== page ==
“This has been my life. It’s so weird to think I’m never going to play hockey again. But I’m done. I’m done.”
Gomez had spent the last few seasons as a role player and spent time with the Blues and Senators last year, where he collected a goal and eight assists in 34 games between the two teams.
He spent the bulk of his career with the New Jersey Devils, becoming one of the better playmakers in the NHL at that time while winning a pair of Stanley Cup titles in 2000 and 2003. When he became an unrestricted free agent back in 2007, he surprised many by joining a cross-state rival in the New York Rangers, signing a seven year, $51.5MM deal.
Gomez only wound up spending two years with the Rangers before being dealt to Montreal for a package highlighted by Ryan McDonagh. After a strong first year with the Canadiens in 2009-10, he struggled considerably over the next two seasons, picking up just nine goals and 40 helpers in 138 games. The team bought him out for the 2012-13 season after the NHL granted them permission to use a compliance buyout a year early; their original intention for that season was to send him home to sit out in order to avoid injury.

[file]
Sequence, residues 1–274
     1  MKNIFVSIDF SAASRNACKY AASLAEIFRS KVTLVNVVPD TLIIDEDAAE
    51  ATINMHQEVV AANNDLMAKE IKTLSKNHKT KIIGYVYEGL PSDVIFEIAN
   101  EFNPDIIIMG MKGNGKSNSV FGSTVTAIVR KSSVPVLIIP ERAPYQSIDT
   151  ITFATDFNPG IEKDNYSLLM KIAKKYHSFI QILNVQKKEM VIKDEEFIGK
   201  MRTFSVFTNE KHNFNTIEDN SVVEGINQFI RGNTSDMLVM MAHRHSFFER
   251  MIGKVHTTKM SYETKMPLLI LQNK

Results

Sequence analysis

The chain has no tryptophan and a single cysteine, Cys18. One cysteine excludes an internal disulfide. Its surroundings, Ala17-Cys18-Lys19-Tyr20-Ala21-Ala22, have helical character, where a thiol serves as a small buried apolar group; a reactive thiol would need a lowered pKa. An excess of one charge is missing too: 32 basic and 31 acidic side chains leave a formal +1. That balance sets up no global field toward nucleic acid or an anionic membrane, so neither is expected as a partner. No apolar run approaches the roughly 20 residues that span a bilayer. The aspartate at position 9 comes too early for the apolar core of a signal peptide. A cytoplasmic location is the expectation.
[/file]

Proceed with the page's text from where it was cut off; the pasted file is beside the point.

For his career, Gomez finishes with 181 goals and 575 assists in 1,079 total games while earning nearly $64MM in salary, the bulk of which came from his free agent deal with New York. That makes him the highest scoring Alaskan-born player in NHL history; he sits just shy of 400 points ahead of Brandon Dubinsky so it’s safe to say he’ll hold that mark for several more years at least.
As for what’s next for Gomez, Woody notes that he has a broadcasting job lined up after dipping his toes into the TV waters during the most recent Stanley Cup Playoffs.
Photo courtesy of USA Today Sports Images.